Hydrogen can be used as a fuel in kilns. It can be used in place of natural gas or other fuels to provide heat for the kiln. However, there are some safety considerations to keep in mind when using hydrogen as a fuel. Hydrogen has a wide range of flammability, so it is important to carefully control the concentration of hydrogen in the air when using it as a fuel. It is also important to ensure that the kiln and fuel system are designed and built to be suitable for use with hydrogen fuel.
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Why is our Kiln so important?
This a 100% Hydrogen burning kiln. This new science and technology and use of fuel, could change the way future kilns are fired. Hydrogen is a greener fuel that can be used rather than the conventical gas or electric or even coal.
How is Hydrogen produced?
Green hydrogen is defined as hydrogen produced by splitting water into hydrogen and oxygen using renewable electricity.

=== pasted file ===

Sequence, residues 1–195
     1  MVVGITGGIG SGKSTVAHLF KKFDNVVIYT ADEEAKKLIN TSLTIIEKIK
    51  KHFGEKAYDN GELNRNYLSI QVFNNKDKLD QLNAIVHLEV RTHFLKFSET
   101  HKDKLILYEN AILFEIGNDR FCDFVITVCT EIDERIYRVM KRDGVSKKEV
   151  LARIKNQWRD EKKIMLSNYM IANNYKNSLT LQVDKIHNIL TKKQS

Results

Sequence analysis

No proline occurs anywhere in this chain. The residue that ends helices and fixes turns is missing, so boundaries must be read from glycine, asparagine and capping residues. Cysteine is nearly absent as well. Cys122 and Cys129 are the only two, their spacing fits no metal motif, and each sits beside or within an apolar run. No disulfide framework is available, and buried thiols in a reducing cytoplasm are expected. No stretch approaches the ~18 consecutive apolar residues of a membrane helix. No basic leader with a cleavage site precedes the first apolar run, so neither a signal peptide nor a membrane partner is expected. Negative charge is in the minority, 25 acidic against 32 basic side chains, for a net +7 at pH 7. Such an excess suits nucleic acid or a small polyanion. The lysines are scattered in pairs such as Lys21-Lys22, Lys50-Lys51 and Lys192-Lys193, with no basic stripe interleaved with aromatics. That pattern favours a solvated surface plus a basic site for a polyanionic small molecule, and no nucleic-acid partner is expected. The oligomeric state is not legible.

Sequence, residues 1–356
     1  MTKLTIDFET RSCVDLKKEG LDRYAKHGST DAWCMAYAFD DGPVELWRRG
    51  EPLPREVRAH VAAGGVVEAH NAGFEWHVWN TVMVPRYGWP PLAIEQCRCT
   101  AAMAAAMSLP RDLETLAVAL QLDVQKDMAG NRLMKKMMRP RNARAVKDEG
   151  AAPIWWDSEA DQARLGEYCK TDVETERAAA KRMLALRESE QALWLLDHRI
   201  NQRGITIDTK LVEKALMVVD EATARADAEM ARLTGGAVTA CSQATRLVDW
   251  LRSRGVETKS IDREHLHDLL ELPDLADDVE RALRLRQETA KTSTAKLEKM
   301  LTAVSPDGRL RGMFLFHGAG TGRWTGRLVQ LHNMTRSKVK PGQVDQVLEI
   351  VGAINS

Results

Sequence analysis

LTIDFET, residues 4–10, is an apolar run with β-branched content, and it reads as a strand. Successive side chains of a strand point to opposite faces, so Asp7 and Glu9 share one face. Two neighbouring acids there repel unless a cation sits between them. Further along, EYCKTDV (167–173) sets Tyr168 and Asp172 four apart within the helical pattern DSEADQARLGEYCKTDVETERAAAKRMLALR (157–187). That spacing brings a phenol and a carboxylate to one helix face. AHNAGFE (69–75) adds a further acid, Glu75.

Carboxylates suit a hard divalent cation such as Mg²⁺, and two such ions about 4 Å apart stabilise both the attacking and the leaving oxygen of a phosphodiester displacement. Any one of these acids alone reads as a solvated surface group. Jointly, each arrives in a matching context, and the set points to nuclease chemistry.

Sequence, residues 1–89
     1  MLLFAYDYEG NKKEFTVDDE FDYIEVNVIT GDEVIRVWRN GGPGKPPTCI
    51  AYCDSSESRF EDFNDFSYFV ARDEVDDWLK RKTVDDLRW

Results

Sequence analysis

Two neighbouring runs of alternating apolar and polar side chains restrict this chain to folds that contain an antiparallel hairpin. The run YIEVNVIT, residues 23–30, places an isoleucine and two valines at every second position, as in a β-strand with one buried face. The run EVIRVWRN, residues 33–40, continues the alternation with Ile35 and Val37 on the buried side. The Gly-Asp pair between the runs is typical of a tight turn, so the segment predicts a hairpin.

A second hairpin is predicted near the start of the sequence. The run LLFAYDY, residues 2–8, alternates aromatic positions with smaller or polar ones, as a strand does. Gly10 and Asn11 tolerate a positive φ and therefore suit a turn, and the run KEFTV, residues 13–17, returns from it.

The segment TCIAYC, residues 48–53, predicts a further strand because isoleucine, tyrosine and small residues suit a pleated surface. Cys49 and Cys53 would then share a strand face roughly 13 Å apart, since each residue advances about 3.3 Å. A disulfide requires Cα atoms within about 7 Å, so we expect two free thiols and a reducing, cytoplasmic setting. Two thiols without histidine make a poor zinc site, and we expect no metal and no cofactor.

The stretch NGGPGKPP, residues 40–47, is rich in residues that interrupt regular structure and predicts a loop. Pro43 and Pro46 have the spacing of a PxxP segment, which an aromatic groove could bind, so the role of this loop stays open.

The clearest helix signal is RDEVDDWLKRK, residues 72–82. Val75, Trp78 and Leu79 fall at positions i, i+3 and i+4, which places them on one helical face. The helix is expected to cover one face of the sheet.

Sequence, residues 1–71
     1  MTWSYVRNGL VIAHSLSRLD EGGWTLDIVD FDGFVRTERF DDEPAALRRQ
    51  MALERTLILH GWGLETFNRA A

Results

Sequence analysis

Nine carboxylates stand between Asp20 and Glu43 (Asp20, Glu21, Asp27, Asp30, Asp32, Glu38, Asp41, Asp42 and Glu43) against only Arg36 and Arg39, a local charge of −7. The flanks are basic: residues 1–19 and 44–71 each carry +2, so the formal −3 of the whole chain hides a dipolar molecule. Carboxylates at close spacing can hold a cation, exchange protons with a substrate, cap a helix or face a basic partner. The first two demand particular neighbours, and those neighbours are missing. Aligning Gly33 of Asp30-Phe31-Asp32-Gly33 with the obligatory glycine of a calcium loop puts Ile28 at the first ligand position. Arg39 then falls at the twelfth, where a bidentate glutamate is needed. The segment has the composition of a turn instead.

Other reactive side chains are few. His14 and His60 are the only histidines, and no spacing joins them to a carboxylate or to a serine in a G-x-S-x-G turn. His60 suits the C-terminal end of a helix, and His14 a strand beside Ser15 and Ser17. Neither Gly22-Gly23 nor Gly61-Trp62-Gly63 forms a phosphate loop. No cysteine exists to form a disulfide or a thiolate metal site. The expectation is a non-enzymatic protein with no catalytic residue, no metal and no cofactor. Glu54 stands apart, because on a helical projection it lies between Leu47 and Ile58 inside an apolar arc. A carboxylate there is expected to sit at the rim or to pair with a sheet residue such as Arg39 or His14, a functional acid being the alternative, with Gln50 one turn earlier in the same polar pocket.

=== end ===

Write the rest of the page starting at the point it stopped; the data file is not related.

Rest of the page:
Grey hydrogen is traditionally produced from methane (CH4), split with steam into CO2 – the main culprit for climate change – and H2, hydrogen. Grey hydrogen has increasingly been produced also from coal
Blue hydrogen follows the same process as grey, with the additional technologies necessary to capture the CO2 produced when hydrogen is split from methane (or from coal) and store it for long term.
There are technologies (i.e. methane pyrolysis) that hold a promise for high capture rates (90-95%) and effective longterm storage of the CO2 in solid form, potentially so much better than blue that they deserve their own colour in the “hydrogen taxonomy rainbow”, Turquoise hydrogen. However, methane pyrolysis is still at pilot stage.
There are quite a few other coloured variants of hydrogen but these at the moment are the most commonly used.
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